Pompeiian wall painting, 1st c. AD
Cave canem!
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CL110 Elementary Latin
MW 10.10-11.05 TuTh 9.40-11.00

Prof. Michael Arnush Ladd 209 x5462
marnush@skidmore.edu Hours: W 9.00 Th 8.30 F 2.30


Overview
Texts
Requirements
Schedule
Web Resources
Classics Department
Skidmore College
If you find yourself struggling with any aspect of learning Latin - vocabulary, forms, syntax, sentences, etc. - you should consider consulting our Latin tutor, who will hold tutorial hours weekly. Just contact me and let me know you need some assistance.
 
The textbook by Moreland & Fleischer is divided into 18 units (or chapters). We will complete 10 or 11 units this semester, and so will devote approximately one week to each unit.
 

Our work in each unit will usually unfold in the same way:

Day In-class Topics Homework assignment
     
1 Introduction of new morphologies, grammatical concepts and vocabulary Morphology/vocabulary review w. LatinVocab & Flash; translation of phrases and simple sentences
2

Introduction of remaining grammatical concepts
I
n-class vocabulary quiz

Translation of more complex sentences
3 Review of translations
Literary and historical context
Translation of end-of-chapter passage (see table below)
4 Review of passage translation
Discussion of cultural material
Chapter
quiz
Read following chapter

Roman civilization has been extinct for 1500 years, and so we tend to access it through academic, intellectual means and rarely via any life experiences. In this course, you will have the opportunity to have more direct experience with the life of ancient Romans. As you come to this course as a foreigner, an "other," so you will adopt the role of an "other" for this course - the role of a slave (servus-masc., serva-fem., servi-plural). As a servus or serva, you will see how the Roman world was perceived by outsiders drawn into Roman lifestyles, both through the language & literature, but as well by studying cultural issues in which the language and literature are/were embedded. The following table identifies the cultural topics that we will address for each chapter, keyed to the passage (left-hand column) at the end of each chapter. These cultural topics include religion, death, Rome' relationship to Greece, the tumultuous first century BCE, love, slavery, family, oratory and values.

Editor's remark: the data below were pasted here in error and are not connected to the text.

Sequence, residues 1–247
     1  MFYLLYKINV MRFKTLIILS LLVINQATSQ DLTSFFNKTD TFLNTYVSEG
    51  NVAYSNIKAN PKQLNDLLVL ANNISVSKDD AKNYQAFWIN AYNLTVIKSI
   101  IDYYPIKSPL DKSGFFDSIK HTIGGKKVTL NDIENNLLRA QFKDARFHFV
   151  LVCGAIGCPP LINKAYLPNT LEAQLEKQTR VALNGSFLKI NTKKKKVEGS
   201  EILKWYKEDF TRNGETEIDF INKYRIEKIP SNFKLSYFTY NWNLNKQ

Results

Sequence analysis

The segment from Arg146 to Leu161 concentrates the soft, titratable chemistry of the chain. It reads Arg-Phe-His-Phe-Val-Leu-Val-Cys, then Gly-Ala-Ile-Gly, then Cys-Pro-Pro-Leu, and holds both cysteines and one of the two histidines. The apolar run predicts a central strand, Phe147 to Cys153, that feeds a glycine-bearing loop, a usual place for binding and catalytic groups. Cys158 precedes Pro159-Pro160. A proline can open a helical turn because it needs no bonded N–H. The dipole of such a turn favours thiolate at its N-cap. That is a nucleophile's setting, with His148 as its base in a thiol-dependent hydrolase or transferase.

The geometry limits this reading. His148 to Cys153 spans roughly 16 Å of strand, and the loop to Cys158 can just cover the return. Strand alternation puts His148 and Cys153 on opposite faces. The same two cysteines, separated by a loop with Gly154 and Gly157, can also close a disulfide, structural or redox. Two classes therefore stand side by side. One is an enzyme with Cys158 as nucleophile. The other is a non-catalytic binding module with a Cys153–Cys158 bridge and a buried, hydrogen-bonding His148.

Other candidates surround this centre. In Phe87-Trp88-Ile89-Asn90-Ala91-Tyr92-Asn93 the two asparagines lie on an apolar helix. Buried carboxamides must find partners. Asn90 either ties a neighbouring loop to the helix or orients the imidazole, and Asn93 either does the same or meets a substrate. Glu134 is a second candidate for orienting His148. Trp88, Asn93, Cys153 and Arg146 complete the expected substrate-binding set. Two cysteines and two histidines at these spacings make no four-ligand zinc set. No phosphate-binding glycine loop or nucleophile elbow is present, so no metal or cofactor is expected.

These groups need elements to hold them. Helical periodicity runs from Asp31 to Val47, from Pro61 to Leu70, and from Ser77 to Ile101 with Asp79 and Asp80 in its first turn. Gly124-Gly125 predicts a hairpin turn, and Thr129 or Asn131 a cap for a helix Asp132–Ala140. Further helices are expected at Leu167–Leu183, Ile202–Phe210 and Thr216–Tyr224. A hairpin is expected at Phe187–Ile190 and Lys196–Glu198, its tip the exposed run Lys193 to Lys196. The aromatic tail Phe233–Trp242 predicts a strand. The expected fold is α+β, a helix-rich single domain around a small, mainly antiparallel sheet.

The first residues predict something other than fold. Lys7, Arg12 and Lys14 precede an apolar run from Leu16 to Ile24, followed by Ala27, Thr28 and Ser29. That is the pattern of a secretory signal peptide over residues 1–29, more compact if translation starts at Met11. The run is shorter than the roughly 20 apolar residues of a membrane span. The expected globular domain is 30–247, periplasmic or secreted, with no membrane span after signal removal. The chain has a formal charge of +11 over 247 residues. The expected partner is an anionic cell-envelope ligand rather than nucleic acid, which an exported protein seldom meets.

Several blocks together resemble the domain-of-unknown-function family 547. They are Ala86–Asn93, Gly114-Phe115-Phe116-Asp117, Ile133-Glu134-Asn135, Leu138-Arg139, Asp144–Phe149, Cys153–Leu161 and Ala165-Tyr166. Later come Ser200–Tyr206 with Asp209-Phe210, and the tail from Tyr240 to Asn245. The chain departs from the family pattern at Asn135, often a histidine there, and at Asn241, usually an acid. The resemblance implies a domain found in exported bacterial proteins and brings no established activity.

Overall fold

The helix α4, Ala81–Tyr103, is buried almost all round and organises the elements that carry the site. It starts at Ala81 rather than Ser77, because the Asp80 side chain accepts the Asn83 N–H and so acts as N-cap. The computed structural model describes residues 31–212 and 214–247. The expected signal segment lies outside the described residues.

M&F ch./psg. Literary context Historical context Activities for servi Electronic tools
       
Introduction: Roman Culture
1. Nauta/regina Bio. of Vergil Augustan age Receive names & biographies Images of Dido & Aeneas; mss.
Roman Religion
2. Dido/Aeneas Vergil Aen. 4 Roman religion Prayer and worship Images of temples, altars, gods
Roman Notions of Death
3. Aeneas ŕ Orcus Vergil Aen. 6 Sibyl and Cumae Foreign gods:Bacchus, Baal; syncretism Images of Pluto, Dis, Proserpina; d.m. inscrr.
Rome’s Debt to Greece
4. Trojan War Vergil Aen. 1 Bronze Age Troy Aeneas in Troy Images of Trojan War
Augustan Age
5. End of Aeneid Vergil Aen. 12 Pax Augustana Life in Rome Ara Pacis Augustae
Republic and Revolution
6. Cic. In Cat. 1 Career of Cicero Catilinarian revolt Slaves & rebellion: farm- vs. city-life Cicero webpage
Images of Cic/Cat
Roman Notions of Love
7. Martial/ Catullus Biographies of Martial & Catullus Patronage and poetry Expressions of love Graffiti
Slaves and Freedmen
8. Petr. Satyricon Trimalchio excerpts Lives of slaves & freedmen Manumission Manumission decrees
Roman Family: Marriage and Children
9. Pliny:Fundanus’ daughter Roman family readings Roman daily life Tombstone
Marriage contract
Tombstones; marriage contract
Roman Oratory
10.Seneca: clemency & tyranny Examples of declamationes Oratory in schools, etc. Orations Basilicas, abecedaria
Conclusion: Roman Values
11.Cic./Mart./Verg. Readings on pietas, fides, dignitas Proper roles for men & women, slave/free Values to a freedman/woman Sculpture & wall paintings


Under "Activities for Servi" are the topics you will write about briefly in Latin in an electronic bulletin board, the Forum. Over the course of the semester, you will create and maintain in the Forum a journal of the life of a slave. Your entries will include

  • sentences composed weekly by you as a slave on the chapter-cultural themes, drawing upon the morphological forms and vocabularies from the current and previous chapters
  • biographical data: original name and place of origin, slave name, details of homeland, new sights and sounds in Rome
  • daily life of a slave
    • work on the farms
    • work in the domus or villa
    • education
    • visits to the arena, circus, baths
    • dining

You will each maintain a thread in the Forum where all of your persona's material will reside. In addition, you will want to maintain a separate written journal of morphological forms (declensions and conjugations: paradigms and other like nouns, adjectives and verbs) and grammatical concepts that you can utilize weekly for study and review.